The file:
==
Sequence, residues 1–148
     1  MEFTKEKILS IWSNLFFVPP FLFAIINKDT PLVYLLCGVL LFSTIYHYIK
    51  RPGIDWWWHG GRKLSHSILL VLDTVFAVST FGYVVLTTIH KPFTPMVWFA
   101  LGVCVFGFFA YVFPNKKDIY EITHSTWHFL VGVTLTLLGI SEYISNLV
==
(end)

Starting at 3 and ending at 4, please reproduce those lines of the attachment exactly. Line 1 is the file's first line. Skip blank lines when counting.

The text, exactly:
    51  RPGIDWWWHG GRKLSHSILL VLDTVFAVST FGYVVLTTIH KPFTPMVWFA
   101  LGVCVFGFFA YVFPNKKDIY EITHSTWHFL VGVTLTLLGI SEYISNLV